A “highly regarded” Jewish psychotherapist has been suspended from a professional association for six months over misconduct allegations.
A panel of the UK Council for Psychotherapy ruled in December that Jonathan Rabson’s fitness to practice had been impaired “by reasons of misconduct.”
Rabson was ordered to complete at least 18 sessions with a professional from the College for Sexual and Relationship Psychotherapy in light of his “inability to recognise the complexity and boundaries of working with a couple in a family context.”
A complaint was lodged against Rabson in December 2016 by a former patient who had sought help after experiencing a range of “family difficulties” relating to her marriage and children, according to the ruling, published online.
The ruling cites “growing concerns in respect of some of the children” and notes the involvement of an educational psychologist, child psychiatrist and social care team.
It also says “there had also been engagement with the court process in regard to non-molestation orders and occupation orders.”
The panel considered Rabson’s “previously unblemished record” and the apology he offered to give to the complainant. But the panel did not consider a verbal or written apology appropriate given the “vulnerability” of the patient and may “exacerbate the situation.”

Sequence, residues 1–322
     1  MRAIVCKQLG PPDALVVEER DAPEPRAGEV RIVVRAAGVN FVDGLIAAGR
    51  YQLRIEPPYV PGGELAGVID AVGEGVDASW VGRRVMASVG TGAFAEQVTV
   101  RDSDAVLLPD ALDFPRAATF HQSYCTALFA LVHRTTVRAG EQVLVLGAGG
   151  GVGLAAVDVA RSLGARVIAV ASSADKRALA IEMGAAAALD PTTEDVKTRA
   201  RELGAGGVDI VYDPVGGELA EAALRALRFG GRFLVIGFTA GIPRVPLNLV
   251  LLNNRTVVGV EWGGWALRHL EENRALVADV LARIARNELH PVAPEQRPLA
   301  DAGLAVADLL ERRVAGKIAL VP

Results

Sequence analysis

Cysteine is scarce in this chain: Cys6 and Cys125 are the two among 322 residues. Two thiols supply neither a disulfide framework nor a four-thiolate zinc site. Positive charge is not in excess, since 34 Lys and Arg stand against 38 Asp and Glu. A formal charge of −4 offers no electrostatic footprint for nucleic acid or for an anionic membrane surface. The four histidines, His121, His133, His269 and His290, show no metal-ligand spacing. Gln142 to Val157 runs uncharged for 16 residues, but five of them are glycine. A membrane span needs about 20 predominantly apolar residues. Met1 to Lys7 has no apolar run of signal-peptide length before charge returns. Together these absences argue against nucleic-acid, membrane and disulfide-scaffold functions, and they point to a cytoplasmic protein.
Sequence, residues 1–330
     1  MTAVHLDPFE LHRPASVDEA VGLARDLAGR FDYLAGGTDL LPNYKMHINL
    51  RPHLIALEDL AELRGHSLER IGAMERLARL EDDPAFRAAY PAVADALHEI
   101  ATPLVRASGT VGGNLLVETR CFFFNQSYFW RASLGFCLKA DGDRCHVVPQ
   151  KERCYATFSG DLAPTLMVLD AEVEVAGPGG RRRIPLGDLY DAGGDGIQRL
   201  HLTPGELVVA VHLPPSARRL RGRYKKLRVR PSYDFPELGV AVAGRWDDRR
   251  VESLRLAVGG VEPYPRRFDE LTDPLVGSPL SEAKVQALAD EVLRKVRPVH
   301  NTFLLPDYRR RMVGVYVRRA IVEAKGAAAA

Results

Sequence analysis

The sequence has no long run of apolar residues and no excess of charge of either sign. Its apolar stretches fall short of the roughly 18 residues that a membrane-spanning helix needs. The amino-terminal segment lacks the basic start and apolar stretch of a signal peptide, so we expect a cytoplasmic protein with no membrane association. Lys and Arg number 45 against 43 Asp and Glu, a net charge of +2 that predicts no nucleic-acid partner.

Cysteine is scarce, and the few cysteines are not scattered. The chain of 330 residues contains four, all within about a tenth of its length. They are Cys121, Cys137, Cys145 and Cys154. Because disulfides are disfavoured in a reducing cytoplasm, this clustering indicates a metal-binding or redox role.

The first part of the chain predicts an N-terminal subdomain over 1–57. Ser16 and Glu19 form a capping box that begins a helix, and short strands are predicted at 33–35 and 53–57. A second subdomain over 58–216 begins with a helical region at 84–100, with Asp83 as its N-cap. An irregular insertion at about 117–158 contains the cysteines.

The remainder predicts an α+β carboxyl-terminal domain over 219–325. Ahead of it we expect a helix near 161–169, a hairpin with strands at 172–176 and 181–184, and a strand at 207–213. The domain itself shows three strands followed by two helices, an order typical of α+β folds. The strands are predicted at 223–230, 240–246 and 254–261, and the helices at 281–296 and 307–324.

Testimonials submitted by Rabson’s supervisor and colleagues showed he is “highly regarded within his community and that many consider that it will be a loss to the community if he is unable to practise,” the panel found.
Among concerns, Rabson forwarded email exchanges with the patient to her ex-husband in 2016, later asking him to delete the email chain, according to the ruling.
He is alleged to have privately met the patient’s sister without her consent or knowledge, later denying the meeting took place – and advised the patient’s ex-husband on steps he could take against her in family proceedings without first obtaining her consent.
He supplied a “grossly misleading” letter to solicitors acting on behalf of the patient’s ex-husband in June 2016 to be used in family proceedings involving safeguarding issues, according to the ruling.
The letter is believed to have made “unqualified statements” about the patient’s mental health that were neither “accurate” nor “neutral.” The ruling found it “contained opinion” beyond Rabson’s expertise and misused psychiatric language.
Jonathan Rabson said: “For legal reasons, I am advised I am unable to discuss this case.”